“To rost Mylk. Recipe swete mylk & do it in a pan, & swyng egges Perwith, & colour it with saferon & put certo flour; han set it on he fyre & let it boyle, & strene all Pise to gydyr & cast it agayn into pe pan. Pen take hard 3olkes of egges & breke ham small, & do Pam in De mylk tyll it be right thyk. Pen set it down & let it kele, & lech it & roste it on a gyrdyren, & cast berto sugur, & serof it forth. go Frutowr for Lentyn. Recipe flour & almondes mylk, & temper ham togyder; han take fyges & rasyns of corance & fry ham with he batour with oyle & tyrne [Pis] & sero”[1]

 

“To roast Milk. Gather sweet milk and put it in a pan, and stir eggs therewith, and color it with saffron and put thereto flour, then set it on the fire and let it boil, and strain all this together and cast it again into the pan. Then take hard yolks of eggs and break them small, and put them in the milk until it is quite thick. Then set it down and let it cool, and slice it and roast it on a gridiron, and cast thereto sugar, and serve it forth.”[2]

 

While the second omits the flour and the sugar, and uses the whole raw egg:

 

“Mylk Rostede. Recipe swete mylk & do it in a pan, than take pe egges with be whyte & bete bam togyder, & do it to he mylk, & colour it with saferon; & boyle it tyll it be thyk, and strene it & do kerin; take bat pat levis in Pe strenerour: presse it on a borde with a lever, & when it is cold lard it & sheve it on shyves, & rost it on a gyrdyryn, & serof it forth.”[3]

 

“Roasted Milk. Gather sweet milk and put it in a pan, then take eggs with the white and beat them together, and put it in the milk, and color it with saffron, and boil it until it is thick, and strain it and put it in; take the leaves (what remains?) in the strainer: press it on a board with a lever, and when it is cold lard it and shave it in slices, and roast it on a gridiron, and serve it forth.”[4]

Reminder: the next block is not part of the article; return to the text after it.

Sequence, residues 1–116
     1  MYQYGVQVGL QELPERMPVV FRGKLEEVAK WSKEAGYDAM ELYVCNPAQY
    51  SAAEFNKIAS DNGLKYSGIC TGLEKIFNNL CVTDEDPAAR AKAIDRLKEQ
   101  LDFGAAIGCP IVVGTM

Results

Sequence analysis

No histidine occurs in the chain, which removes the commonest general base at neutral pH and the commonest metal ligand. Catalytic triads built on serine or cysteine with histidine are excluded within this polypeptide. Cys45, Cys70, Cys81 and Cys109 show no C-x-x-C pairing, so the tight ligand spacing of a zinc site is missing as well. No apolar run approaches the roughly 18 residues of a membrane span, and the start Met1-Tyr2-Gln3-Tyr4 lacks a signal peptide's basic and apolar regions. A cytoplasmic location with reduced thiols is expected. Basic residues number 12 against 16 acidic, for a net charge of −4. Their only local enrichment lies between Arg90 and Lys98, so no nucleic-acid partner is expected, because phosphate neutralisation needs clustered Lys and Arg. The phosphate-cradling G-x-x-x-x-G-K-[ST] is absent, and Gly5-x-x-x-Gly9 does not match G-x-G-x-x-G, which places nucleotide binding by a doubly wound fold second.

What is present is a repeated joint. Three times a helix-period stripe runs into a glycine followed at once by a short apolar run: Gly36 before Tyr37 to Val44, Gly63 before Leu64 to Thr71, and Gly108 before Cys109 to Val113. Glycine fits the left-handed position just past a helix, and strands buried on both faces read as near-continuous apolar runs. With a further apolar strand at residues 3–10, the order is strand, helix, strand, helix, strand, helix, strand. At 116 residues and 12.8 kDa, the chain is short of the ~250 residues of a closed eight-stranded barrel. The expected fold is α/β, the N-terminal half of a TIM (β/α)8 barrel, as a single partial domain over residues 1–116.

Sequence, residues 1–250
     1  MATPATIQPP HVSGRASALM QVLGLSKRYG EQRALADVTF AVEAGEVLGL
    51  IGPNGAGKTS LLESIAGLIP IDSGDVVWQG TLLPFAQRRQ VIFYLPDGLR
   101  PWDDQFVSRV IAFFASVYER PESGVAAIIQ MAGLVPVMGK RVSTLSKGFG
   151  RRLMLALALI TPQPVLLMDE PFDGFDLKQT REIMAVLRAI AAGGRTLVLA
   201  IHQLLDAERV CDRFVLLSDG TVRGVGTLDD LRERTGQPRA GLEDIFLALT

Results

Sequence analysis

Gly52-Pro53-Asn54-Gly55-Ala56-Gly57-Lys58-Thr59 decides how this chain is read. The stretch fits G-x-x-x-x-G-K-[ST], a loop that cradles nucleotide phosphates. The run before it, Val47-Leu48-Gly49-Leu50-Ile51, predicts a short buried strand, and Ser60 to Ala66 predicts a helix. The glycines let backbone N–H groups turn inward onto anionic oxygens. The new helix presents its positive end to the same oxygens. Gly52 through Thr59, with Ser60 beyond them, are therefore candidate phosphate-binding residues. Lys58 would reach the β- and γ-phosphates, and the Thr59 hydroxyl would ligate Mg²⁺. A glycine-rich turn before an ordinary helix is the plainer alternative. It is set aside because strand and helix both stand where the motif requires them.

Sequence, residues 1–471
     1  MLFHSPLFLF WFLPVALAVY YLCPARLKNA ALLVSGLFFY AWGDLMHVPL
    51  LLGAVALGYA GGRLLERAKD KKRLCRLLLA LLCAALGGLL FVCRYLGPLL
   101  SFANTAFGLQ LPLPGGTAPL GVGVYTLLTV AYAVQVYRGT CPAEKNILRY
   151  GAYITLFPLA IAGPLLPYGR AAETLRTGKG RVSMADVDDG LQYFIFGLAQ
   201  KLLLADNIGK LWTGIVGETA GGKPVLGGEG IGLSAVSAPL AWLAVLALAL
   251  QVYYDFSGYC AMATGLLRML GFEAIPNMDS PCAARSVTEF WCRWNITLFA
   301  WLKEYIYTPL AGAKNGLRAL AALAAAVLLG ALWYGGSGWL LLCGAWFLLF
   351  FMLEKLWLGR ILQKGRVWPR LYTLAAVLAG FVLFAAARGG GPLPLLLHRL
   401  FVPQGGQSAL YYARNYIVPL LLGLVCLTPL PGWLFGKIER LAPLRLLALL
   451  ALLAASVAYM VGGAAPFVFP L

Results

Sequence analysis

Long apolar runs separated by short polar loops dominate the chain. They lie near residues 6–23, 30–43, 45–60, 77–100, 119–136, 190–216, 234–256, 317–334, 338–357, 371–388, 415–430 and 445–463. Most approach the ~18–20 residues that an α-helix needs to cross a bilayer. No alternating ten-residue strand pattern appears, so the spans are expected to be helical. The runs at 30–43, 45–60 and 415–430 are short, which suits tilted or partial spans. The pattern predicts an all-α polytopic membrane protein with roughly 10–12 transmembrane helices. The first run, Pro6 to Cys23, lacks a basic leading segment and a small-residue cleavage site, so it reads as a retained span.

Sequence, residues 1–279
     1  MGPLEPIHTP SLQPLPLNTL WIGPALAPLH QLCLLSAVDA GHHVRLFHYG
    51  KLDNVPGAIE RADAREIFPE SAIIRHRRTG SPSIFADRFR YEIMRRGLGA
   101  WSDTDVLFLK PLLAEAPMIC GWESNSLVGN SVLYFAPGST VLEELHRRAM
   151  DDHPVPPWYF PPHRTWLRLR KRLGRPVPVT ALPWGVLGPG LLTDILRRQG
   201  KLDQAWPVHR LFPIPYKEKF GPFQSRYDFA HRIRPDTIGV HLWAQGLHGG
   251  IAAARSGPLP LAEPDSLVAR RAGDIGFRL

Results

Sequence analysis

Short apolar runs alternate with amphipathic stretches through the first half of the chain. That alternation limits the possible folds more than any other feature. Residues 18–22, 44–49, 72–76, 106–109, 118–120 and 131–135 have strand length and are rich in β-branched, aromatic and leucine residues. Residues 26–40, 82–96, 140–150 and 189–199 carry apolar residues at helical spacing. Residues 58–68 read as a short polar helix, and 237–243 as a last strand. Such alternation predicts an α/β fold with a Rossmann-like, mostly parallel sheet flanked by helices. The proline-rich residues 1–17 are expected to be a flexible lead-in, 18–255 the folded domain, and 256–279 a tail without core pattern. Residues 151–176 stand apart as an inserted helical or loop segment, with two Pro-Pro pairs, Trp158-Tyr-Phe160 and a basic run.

I primarily used the second recipe, but I did end up sprinkling my milk with some sugar, as recommended in the first.

A_woman_milking_a_cow,_woodcut,_1547_Wellcome_L0029211

This file comes from Wellcome Images, a website operated by Wellcome Trust, a global charitable foundation based in the United Kingdom. Refer to Wellcome blog post (archive).

As is often the way with these things, recipes for roasted milk appear in many other manuscripts. The Medieval Cookery website has five alternative versions from: The Noble Boke of Cookry (England, c. 1468), Liber Cure Cocorum (England, 1420-1440), Ein Buch Von Guter Spise (Germany, c. 1345), Two-Fifteenth Century Cookery Books (England, 15th C) and the Forme of Cury (England, c. 1390).

 

The English recipes are all very similar. You cook together eggs, sweet milk (as in, not sour), and a little saffron. Once the mixture has thickened you strain it and leave it to cool and set, often with a weight upon it. Once the mixture has set it is cut into slices and then grilled (except in the case of the Noble Boke of Cookry which is served cold without grilling). It can be sprinkled with some sugar at the end.